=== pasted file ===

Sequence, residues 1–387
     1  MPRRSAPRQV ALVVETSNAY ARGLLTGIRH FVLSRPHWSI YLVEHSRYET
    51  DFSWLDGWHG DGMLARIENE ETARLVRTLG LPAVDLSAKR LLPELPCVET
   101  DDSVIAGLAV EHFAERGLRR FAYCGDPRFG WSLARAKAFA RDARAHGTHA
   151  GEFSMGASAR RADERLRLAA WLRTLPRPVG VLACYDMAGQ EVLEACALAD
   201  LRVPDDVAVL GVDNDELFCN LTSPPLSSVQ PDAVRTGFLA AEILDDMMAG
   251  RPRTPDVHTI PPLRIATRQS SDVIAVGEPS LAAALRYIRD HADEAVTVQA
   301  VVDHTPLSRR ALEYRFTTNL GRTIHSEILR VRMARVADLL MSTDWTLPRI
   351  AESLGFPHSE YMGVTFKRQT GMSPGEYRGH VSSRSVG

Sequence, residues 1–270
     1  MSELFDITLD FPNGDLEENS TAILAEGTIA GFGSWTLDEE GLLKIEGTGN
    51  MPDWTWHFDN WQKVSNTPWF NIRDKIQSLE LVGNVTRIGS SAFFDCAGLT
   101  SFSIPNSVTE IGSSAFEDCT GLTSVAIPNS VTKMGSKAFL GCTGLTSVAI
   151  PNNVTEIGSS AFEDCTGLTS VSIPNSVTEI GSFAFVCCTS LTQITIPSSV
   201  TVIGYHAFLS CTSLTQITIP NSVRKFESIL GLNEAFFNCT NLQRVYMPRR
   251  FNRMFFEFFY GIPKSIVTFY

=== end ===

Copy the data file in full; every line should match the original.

Sequence, residues 1–387
     1  MPRRSAPRQV ALVVETSNAY ARGLLTGIRH FVLSRPHWSI YLVEHSRYET
    51  DFSWLDGWHG DGMLARIENE ETARLVRTLG LPAVDLSAKR LLPELPCVET
   101  DDSVIAGLAV EHFAERGLRR FAYCGDPRFG WSLARAKAFA RDARAHGTHA
   151  GEFSMGASAR RADERLRLAA WLRTLPRPVG VLACYDMAGQ EVLEACALAD
   201  LRVPDDVAVL GVDNDELFCN LTSPPLSSVQ PDAVRTGFLA AEILDDMMAG
   251  RPRTPDVHTI PPLRIATRQS SDVIAVGEPS LAAALRYIRD HADEAVTVQA
   301  VVDHTPLSRR ALEYRFTTNL GRTIHSEILR VRMARVADLL MSTDWTLPRI
   351  AESLGFPHSE YMGVTFKRQT GMSPGEYRGH VSSRSVG

Sequence, residues 1–270
     1  MSELFDITLD FPNGDLEENS TAILAEGTIA GFGSWTLDEE GLLKIEGTGN
    51  MPDWTWHFDN WQKVSNTPWF NIRDKIQSLE LVGNVTRIGS SAFFDCAGLT
   101  SFSIPNSVTE IGSSAFEDCT GLTSVAIPNS VTKMGSKAFL GCTGLTSVAI
   151  PNNVTEIGSS AFEDCTGLTS VSIPNSVTEI GSFAFVCCTS LTQITIPSSV
   201  TVIGYHAFLS CTSLTQITIP NSVRKFESIL GLNEAFFNCT NLQRVYMPRR
   251  FNRMFFEFFY GIPKSIVTFY